Love, Solitude, and Searching for Wildfire in the Boreal Forest
A page-turning memoir about a young woman's grueling, revelatory summers working alone in a remote lookout tower and her eyewitness account of the increasingly unpredictable nature of wildfire in the Canadian north.
While growing up in Peace River, Alberta, Trina Moyles heard many stories of Lookout Observers--strange, eccentric types who spent five-month summers alone, climbing 100-foot high towers and watching for signs of fire in the surrounding boreal forest. How could you isolate yourself for that long? she wondered. "I could never do it," she told herself.
Craving a deeper sense of purpose, she left northern Alberta to pursue a decade-long career in global humanitarian work. After three years in East Africa, and newly engaged, Trina returned to Peace River with a plan to sponsor her fiance, Akello's, immigration to Canada. Despite her fear of being alone in the woods, she applied for a seasonal lookout position and got the job.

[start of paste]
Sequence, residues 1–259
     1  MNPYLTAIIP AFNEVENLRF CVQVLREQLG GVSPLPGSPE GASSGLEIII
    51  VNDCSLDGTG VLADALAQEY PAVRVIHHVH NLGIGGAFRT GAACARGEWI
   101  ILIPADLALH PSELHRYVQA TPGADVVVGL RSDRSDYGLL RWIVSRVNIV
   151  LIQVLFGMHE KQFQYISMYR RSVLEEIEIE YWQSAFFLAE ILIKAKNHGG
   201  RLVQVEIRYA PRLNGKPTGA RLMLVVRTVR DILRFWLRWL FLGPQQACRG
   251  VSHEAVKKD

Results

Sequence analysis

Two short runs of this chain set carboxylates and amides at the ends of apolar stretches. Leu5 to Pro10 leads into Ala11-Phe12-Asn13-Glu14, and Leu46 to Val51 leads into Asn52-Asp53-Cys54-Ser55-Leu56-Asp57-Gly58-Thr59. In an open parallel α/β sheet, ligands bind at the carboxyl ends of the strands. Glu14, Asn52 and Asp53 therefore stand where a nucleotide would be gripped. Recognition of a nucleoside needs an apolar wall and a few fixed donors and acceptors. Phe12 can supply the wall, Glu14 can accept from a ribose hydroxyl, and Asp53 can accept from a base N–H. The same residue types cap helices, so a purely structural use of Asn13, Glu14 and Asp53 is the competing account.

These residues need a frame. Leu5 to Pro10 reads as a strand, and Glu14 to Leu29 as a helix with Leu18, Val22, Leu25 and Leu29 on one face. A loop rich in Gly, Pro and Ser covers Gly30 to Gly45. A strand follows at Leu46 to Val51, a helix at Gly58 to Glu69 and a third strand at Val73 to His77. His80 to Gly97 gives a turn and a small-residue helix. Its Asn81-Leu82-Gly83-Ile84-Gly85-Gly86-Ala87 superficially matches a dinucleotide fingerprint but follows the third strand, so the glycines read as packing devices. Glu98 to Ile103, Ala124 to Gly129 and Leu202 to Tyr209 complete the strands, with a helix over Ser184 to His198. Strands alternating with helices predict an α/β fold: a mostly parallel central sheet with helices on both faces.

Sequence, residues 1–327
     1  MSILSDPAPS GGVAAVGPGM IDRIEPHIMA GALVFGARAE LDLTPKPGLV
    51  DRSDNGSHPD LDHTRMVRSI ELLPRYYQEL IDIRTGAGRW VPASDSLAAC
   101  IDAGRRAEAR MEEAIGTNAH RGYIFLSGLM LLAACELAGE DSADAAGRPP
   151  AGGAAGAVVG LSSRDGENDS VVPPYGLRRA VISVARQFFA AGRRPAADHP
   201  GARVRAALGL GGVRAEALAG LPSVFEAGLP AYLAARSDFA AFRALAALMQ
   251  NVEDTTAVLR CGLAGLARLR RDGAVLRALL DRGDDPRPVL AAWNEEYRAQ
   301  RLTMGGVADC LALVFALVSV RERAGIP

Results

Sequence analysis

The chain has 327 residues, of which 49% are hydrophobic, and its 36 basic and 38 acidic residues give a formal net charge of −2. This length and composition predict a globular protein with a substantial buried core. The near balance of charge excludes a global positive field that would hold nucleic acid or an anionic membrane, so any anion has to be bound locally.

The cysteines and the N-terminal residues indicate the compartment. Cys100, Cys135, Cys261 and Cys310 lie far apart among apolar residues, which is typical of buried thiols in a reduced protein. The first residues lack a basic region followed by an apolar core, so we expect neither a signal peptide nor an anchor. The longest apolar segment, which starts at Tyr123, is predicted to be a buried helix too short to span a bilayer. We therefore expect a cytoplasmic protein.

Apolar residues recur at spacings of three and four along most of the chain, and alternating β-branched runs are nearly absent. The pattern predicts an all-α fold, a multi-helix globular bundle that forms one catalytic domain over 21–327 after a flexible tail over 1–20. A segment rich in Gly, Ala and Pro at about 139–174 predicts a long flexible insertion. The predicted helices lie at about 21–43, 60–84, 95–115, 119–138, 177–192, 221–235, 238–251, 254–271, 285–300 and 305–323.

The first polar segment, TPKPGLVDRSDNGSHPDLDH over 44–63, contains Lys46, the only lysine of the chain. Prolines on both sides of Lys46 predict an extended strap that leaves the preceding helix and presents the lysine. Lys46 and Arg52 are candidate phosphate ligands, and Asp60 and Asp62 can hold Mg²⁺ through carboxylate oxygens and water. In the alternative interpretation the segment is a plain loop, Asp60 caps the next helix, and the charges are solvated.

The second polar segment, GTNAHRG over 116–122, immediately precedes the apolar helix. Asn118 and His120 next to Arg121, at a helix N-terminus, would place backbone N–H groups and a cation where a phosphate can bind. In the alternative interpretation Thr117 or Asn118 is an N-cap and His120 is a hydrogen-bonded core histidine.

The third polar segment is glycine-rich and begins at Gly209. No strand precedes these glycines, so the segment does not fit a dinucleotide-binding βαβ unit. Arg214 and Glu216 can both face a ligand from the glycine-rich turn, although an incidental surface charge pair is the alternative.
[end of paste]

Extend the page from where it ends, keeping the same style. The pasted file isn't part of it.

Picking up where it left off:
Thus begins Trina's first summer as one of a handful of lookouts scattered throughout Alberta, with only a farm dog, Holly--labeled "a domesticated wolf" by her former owners--to keep her company. While searching for smoke, Trina unravels under the pressure of a long-distance relationship--and a dawning awareness of the environmental crisis that climate change is producing in the boreal. Through megafires, lightning storms, and stunning encounters with wildlife, she learns to survive at the fire tower by forging deep connections with nature and with an extraordinary community of people dedicated to wildfire detection and combat. In isolation, she discovers a kind of self-awareness--and freedom--that only solitude can deliver. Lookout is a riveting story of loss, transformation, and belonging to oneself, layered with an eyewitness account of the destructive and regenerative power of wildfire in our northern forests.